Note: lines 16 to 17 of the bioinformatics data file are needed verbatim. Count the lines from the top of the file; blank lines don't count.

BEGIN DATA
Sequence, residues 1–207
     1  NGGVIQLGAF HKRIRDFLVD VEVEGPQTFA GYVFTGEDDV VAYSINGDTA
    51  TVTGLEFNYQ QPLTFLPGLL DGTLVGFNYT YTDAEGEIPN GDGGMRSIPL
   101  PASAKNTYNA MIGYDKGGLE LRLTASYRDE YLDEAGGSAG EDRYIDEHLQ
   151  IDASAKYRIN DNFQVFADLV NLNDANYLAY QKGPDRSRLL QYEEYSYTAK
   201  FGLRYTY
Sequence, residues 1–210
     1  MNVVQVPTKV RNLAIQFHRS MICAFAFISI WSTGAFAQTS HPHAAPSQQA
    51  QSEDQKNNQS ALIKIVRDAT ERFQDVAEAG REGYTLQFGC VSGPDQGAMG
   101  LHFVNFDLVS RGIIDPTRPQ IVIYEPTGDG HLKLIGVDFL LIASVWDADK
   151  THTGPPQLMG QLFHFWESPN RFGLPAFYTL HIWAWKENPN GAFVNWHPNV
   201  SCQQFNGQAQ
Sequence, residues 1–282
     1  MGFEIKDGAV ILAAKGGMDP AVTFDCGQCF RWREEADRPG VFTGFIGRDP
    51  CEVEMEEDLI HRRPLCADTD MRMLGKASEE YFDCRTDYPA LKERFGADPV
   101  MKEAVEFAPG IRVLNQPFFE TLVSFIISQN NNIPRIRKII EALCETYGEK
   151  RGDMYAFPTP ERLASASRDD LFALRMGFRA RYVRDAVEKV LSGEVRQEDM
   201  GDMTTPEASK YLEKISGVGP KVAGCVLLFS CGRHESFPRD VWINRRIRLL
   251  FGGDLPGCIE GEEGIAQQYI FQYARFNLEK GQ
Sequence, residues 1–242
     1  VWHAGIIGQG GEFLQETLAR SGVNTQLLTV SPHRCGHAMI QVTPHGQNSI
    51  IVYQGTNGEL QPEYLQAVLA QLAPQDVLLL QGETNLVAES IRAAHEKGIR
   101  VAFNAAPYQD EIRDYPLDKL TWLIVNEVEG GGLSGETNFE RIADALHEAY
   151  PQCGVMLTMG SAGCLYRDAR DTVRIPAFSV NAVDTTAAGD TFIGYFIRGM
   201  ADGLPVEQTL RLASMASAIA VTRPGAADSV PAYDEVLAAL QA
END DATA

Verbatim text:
   101  MKEAVEFAPG IRVLNQPFFE TLVSFIISQN NNIPRIRKII EALCETYGEK
   151  RGDMYAFPTP ERLASASRDD LFALRMGFRA RYVRDAVEKV LSGEVRQEDM